• Significant and measurable decline in cardiac function results in heart failure

  • Heart failure due to hATTR amyloidosis progresses
    more quickly than with other cardiac conditions

Progression of polyneuropathy leads to significant disability22

Not a comprehensive list of all the symptoms associated with hATTR amyloidosis.
Each patient may not experience all of these symptoms or may not experience them at the same time.

button-section symptoms
image arrow

Multisystem dysfunction is a reality for most patients1

follow red title content

Although there is some association between variant and symptom presentation, most patients suffer from overlapping symptoms of sensory-motor neuropathy, autonomic neuropathy, and cardiac manifestations.1 In the United States, the most common variants (V122I, T60A, and V30M) are associated with both polyneuropathy and cardiomyopathy.1,19,23,241,18,23,24 Polyneuropathy may precede or coincide with cardiomyopathy, even in patients with the V122I variant.25

slider-section f-slider

Symptom presentation of common variants in the United States13,a,b12,a,b

Chart of hATTR amyloidosis symptom presentation of the V122I variant Chart of hATTR amyloidosis symptom presentation of the V122I variant

What you should know about V122I

  • V122I is the most common variant in the United States and is prevalent in ~4% of African Americans1,23,26

  • A majority of individuals with a V122I variant have polyneuropathy symptoms, including sensory, motor, and gastrointestinal symptoms12,23,27

  • In a global registry of patients with ATTR amyloidosis, 60% with the V122I variant had sensory neuropathy1312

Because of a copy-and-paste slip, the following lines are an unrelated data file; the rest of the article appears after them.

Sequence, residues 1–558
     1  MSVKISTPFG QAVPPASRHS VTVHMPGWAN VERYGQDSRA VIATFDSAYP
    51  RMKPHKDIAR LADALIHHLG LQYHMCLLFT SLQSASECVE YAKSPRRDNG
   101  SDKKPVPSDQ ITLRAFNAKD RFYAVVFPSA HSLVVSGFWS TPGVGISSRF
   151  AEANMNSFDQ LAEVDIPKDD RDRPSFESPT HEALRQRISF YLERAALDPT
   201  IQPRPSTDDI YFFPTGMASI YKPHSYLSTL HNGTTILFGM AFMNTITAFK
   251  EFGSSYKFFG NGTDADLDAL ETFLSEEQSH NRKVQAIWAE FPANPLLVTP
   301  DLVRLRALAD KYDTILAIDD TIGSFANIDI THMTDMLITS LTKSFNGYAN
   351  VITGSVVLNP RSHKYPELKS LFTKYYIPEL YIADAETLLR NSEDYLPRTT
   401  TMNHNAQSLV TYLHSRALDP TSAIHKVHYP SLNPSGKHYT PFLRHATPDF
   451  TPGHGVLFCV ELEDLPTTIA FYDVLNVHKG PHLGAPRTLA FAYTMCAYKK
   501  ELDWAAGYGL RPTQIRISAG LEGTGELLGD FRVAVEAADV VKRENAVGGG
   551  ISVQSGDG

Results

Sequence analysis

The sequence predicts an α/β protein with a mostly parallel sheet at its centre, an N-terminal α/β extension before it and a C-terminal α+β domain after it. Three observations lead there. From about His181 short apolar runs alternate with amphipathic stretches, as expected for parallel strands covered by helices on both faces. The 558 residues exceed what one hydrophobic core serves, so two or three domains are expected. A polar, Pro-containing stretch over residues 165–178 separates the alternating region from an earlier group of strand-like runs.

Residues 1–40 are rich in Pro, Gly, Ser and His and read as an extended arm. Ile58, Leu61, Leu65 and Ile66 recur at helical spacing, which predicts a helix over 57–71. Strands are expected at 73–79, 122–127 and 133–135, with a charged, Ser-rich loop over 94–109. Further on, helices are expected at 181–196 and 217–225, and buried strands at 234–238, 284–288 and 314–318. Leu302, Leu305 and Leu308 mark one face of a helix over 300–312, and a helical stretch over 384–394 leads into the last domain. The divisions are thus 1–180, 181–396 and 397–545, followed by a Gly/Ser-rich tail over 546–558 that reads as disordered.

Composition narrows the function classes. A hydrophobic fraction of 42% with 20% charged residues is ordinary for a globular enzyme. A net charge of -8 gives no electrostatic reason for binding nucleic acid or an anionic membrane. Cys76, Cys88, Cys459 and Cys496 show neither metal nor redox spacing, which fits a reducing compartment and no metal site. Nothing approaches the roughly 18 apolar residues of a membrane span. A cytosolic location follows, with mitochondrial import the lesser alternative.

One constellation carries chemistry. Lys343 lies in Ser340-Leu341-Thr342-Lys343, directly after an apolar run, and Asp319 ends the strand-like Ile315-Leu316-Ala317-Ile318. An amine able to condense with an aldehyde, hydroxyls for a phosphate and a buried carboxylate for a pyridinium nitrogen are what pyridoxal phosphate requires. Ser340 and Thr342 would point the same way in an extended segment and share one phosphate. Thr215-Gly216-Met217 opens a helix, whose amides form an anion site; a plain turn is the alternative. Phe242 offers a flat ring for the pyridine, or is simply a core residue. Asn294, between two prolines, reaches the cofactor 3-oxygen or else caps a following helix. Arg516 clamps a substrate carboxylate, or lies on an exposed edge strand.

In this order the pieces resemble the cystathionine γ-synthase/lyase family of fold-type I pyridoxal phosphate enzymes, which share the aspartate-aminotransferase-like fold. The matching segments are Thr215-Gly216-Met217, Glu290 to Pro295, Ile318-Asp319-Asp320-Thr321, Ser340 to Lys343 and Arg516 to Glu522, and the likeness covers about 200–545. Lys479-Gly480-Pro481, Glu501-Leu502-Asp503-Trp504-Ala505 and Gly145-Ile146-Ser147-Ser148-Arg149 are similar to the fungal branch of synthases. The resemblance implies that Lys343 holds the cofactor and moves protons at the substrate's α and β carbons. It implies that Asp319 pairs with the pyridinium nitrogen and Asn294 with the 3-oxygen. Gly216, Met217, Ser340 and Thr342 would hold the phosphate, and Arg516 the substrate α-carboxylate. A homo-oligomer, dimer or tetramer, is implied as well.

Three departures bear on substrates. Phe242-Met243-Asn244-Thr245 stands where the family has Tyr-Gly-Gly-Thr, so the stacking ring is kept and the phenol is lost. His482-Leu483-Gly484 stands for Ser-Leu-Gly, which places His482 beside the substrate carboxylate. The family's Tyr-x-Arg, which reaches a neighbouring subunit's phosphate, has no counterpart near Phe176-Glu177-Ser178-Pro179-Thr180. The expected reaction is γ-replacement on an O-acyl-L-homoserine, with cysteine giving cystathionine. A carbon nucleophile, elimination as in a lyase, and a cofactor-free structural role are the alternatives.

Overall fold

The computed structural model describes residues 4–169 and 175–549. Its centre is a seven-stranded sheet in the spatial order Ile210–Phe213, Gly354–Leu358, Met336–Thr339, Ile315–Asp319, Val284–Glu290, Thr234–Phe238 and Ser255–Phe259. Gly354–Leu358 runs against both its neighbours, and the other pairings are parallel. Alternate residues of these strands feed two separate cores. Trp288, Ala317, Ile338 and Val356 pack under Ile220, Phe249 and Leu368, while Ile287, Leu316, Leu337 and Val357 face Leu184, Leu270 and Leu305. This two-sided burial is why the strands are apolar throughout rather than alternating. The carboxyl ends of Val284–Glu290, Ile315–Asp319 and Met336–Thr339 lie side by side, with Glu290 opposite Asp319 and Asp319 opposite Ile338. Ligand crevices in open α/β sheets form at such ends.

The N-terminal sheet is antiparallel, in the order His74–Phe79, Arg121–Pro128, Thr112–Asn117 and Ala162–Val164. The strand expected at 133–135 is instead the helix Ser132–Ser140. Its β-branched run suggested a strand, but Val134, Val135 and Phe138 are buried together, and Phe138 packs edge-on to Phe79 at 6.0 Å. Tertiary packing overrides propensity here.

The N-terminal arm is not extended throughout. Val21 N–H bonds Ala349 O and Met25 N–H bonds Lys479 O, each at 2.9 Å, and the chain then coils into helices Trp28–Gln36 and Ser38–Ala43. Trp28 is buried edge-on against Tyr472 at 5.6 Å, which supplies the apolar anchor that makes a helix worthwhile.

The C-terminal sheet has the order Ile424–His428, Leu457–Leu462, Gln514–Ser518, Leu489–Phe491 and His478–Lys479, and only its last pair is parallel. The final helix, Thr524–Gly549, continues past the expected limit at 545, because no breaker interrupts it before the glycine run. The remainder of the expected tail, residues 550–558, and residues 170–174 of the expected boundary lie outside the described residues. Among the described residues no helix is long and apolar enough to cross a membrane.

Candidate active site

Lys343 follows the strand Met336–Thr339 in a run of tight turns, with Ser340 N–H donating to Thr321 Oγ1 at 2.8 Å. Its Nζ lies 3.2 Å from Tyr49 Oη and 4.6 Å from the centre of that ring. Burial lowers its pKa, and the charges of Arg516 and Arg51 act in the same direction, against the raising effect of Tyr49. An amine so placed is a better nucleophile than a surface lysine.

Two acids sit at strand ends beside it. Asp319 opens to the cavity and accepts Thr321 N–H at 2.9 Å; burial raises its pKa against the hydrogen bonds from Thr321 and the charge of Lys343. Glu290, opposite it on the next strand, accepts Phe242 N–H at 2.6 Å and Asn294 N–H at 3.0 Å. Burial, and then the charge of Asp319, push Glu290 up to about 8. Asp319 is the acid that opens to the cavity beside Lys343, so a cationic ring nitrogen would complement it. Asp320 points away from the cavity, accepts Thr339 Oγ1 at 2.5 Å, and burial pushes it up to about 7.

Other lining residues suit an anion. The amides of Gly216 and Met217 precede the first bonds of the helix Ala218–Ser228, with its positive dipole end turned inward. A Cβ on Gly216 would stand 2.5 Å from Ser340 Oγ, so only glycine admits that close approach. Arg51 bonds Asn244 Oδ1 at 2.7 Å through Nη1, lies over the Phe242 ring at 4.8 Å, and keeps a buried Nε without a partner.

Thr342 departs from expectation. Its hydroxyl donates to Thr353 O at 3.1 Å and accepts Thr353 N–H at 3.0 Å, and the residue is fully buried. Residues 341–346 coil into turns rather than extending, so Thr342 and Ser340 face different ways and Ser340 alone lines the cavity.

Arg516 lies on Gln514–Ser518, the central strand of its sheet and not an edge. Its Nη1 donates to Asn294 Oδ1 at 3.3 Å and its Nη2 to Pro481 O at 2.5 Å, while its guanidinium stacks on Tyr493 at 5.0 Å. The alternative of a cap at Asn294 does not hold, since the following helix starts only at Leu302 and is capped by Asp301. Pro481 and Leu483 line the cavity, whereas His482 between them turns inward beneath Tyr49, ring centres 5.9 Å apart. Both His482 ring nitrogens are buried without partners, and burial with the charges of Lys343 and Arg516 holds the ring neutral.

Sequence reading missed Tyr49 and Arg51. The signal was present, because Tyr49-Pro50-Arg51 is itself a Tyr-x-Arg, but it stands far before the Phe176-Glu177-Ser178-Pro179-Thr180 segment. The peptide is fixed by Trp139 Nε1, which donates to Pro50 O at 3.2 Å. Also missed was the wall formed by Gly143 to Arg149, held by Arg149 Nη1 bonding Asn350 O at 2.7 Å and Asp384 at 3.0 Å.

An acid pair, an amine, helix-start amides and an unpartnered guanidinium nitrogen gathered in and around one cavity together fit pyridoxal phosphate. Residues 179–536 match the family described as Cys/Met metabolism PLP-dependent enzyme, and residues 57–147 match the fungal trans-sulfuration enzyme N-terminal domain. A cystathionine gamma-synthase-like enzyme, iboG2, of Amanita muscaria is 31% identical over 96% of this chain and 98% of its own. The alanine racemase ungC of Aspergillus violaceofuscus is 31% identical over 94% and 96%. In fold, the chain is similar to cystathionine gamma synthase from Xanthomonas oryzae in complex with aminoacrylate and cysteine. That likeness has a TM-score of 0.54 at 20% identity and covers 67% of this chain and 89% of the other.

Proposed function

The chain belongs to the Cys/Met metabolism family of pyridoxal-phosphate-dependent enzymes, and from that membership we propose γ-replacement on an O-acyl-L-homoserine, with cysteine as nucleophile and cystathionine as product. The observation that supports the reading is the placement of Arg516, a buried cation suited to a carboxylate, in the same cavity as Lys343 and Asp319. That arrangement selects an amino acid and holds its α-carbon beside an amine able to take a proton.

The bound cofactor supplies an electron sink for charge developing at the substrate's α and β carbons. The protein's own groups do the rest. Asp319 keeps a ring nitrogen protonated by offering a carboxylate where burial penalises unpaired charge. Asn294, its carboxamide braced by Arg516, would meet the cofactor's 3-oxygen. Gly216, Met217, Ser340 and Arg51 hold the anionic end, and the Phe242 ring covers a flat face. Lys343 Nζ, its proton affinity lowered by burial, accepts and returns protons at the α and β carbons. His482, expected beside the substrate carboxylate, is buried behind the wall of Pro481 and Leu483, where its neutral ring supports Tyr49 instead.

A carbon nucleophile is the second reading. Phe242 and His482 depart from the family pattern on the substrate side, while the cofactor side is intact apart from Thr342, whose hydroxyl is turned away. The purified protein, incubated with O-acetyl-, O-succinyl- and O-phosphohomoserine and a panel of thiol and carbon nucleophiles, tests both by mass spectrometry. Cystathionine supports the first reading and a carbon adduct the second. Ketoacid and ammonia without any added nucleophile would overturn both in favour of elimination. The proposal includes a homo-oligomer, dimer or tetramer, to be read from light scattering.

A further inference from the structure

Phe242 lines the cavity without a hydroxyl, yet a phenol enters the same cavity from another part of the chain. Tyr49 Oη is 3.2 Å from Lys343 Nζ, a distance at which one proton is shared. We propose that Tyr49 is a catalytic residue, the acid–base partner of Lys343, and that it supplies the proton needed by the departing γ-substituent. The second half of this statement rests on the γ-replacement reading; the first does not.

Chart of hATTR amyloidosis symptom presentation of the T60A variant Chart of hATTR amyloidosis symptom presentation of the T60A variant

What you should know about T60A

  • T60A is the second most common variant in the US and is typically found in individuals of Irish descent23,28

  • It is associated with a mixed presentation of cardiac manifestations, autonomic neuropathy, and sensory neuropathy, and the median age of onset is 63 years13,2912,29

  • In a global registry of patients with ATTR amyloidosis, 91% of patients with the T60A variant had cardiac complications, and 80% had sensory neuropathy13,2912,29

Chart of hATTR amyloidosis symptom presentation of the V30M variant Chart of hATTR amyloidosis symptom presentation of the V30M variant

What you should know about V30M

  • V30M is the most common variant in the world, and is associated with 2 distinct clinical presentations1:

    • Early-onset V30M (<50 years) is characterized by progressive sensory-motor and autonomic neuropathy1,30

    • Late-onset V30M (≥50 years) is associated with sensory-motor neuropathy that begins in the lower limbs, with mild or no autonomic neuropathy, and has a more rapid disease course1,30

aNot representative of all possible TTR gene variants.
bData collected by the THAOS registry.
THAOS=Transthyretin-Associated Amyloidosis Outcomes Survey.
aNot representative of all possible TTR gene variants.
bData collected by the THAOS registry.
THAOS=Transthyretin-Associated Amyloidosis Outcomes Survey.
image arrow

Patients with hATTR amyloidosis may already be in your practice

follow red title content

In the profiles below, you will find examples of
different patient types, which may help you to